ABS or Brake Light On
If only the ABS light is on, your vehicle should still have normal braking (possibly without power assist, though, depending on what type of ABS system it has). But if the brake light is on (with or without the ABS light), it may indicate a serious hydraulic problem in your brake system. On most vehicles, the brake warning light will come on if a safety switch detects a difference in pressure between the brake circuits when the brakes are applied. This may indicate a leak and loss of pressure in one of the circuits. On some vehicles, there is also a brake fluid level sensor in the brake fluid reservoir on the master brake cylinder. If the fluid level drops, it may turn on the warning light. Either way, the first order of business is to stop the vehicle and check the fluid level in the master cylinder. The fluid level will drop somewhat as the brake linings wear, but a sudden drop in the level usually means there’s a leak in a brake line, hose, caliper or wheel cylinder. Do NOT drive the vehicle until the problem has been diagnosed and repaired.
Turning the Check Engine Lamp Off
As a rule, the Check Engine Light will remain on as long as a fault persists. If an intermittent fault does not reoccur after three consecutive trips, the MIL lamp will go out but the code will remain in memory. If the fault does not reoccur for 40 trips, the code will be erased. The only safe way to clear fault codes and turn the MIL lamp off is to use a scantool. On many pre-OBDII vehicles, all you had to do was disconnect the battery or pull the PCM fuse to clear the memory and turn the Check Engine Light off. If the problem had not been fixed, the Check Engine Light would eventually come back on. But this procedure should NOT be used on OBDII cars for the following reason:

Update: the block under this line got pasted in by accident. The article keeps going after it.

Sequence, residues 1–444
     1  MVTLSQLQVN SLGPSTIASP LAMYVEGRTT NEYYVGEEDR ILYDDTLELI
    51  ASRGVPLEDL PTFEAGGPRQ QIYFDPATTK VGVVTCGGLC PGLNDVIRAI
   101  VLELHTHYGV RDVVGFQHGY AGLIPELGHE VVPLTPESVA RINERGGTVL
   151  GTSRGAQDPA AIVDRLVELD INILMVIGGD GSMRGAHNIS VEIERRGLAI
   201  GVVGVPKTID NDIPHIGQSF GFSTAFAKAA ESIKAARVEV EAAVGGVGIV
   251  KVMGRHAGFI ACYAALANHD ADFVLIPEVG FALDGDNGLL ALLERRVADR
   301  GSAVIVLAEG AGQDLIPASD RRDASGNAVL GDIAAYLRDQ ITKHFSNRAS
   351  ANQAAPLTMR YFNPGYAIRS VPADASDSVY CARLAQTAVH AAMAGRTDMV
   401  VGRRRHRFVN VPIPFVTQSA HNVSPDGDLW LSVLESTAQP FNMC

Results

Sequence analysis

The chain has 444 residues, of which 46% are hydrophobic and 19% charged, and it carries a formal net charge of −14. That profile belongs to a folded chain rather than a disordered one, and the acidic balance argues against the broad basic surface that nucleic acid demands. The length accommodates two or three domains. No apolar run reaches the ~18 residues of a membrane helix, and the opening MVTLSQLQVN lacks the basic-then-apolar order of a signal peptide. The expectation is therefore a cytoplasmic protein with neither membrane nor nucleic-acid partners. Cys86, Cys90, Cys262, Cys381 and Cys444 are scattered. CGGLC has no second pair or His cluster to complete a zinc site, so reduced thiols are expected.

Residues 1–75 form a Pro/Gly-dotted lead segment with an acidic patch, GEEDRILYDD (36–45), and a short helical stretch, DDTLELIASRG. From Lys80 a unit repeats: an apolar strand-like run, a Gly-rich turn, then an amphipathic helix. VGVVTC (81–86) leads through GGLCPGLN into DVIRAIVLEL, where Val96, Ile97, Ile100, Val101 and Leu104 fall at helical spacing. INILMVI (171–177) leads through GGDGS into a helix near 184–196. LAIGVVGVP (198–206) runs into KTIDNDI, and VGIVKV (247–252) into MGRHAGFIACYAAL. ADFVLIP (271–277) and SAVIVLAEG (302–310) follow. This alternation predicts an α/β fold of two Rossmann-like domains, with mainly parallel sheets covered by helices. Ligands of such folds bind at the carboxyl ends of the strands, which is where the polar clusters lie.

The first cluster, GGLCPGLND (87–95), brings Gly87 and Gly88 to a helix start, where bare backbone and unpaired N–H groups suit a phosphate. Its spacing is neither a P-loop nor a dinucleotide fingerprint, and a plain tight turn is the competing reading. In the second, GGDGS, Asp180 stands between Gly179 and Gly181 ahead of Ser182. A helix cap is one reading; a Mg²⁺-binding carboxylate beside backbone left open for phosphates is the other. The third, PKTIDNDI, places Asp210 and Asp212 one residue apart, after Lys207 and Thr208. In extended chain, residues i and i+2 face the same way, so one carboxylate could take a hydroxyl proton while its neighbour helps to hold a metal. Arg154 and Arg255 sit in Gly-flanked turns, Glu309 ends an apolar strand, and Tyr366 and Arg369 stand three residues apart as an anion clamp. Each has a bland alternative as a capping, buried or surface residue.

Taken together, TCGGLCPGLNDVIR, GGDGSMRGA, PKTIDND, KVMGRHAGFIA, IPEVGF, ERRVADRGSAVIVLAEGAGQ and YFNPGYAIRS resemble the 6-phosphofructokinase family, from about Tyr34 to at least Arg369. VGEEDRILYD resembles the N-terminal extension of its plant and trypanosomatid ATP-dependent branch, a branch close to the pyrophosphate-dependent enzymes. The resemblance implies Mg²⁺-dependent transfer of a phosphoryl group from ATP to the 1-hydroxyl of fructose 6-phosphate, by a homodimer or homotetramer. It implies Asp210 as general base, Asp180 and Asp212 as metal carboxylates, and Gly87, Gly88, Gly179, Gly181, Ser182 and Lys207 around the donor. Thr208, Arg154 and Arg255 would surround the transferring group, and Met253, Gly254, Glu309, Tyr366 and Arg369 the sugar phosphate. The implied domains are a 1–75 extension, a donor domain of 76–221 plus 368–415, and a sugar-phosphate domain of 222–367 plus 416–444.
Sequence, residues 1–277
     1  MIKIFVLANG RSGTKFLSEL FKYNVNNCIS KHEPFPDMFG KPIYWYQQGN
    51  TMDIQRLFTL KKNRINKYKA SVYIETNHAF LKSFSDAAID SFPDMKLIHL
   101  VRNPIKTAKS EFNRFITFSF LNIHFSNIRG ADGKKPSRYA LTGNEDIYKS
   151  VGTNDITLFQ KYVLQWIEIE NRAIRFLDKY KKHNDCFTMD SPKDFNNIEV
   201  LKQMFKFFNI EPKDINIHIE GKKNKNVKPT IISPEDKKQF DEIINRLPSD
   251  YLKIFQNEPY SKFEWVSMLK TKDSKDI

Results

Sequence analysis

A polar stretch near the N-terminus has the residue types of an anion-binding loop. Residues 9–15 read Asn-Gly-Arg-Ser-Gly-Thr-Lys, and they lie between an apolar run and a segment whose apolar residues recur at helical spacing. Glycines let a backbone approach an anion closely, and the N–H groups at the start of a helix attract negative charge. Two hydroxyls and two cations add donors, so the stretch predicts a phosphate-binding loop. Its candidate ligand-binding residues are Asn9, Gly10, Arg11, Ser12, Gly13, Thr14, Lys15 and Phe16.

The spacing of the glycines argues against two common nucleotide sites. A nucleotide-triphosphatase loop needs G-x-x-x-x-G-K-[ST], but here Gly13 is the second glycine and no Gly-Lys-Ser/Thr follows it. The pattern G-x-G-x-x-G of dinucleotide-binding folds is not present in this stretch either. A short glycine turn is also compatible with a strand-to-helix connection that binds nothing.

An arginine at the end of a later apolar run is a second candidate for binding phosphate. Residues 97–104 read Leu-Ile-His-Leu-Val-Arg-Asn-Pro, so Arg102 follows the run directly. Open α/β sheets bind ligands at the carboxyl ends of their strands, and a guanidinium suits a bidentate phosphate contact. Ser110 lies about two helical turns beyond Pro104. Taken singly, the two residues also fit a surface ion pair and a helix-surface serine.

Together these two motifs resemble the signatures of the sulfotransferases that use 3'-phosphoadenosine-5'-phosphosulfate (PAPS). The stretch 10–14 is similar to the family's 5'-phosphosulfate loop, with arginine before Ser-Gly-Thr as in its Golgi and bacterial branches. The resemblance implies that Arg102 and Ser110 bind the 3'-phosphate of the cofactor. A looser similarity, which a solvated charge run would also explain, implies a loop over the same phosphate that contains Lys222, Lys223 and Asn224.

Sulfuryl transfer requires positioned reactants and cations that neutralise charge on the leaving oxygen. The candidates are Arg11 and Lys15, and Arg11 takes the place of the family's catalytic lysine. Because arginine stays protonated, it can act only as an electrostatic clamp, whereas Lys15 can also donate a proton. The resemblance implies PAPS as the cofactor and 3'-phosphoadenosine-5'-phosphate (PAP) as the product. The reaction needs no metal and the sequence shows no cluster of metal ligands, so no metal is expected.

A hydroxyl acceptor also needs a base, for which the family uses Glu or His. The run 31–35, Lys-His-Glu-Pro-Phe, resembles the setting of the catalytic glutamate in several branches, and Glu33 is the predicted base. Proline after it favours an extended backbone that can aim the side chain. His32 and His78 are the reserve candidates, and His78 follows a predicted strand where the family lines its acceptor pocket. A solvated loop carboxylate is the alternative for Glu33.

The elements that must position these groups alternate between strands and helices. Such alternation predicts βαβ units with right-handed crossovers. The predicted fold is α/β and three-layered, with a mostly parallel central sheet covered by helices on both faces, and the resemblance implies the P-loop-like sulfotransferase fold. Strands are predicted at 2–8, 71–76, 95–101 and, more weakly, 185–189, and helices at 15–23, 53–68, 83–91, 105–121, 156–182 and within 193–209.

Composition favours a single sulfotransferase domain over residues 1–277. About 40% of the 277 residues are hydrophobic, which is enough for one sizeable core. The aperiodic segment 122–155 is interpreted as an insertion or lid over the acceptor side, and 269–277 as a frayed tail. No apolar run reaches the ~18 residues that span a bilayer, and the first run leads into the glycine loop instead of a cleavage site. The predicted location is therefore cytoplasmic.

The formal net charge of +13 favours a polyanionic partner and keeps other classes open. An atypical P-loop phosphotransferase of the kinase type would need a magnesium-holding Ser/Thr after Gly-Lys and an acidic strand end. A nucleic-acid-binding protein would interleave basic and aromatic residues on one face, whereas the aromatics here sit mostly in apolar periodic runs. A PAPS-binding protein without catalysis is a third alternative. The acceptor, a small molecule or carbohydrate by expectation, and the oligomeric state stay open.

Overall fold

WARNING: On many OBDII cars, pulling the PCM fuse or disconnecting the battery may NOT clear the codes - and may cause a loss of important information that the PCM needs to function correctly. On some vehicles, loss of power to the PCM may cause it to forget transmission settings, climate control functions, and other essential data. This, in turn, may require the use of a scantool and a special re-learning procedure to reset the PCM.
Here’s another thought: codes contain important diagnostic information you or somebody else might need to further troubleshoot and repair the system. If the codes are cleared, it may take some time for the codes to reset - which will delay diagnosing and repairing the fault. The best approach to turning off the light, therefore, is to read out the codes, and clear the codes carefully.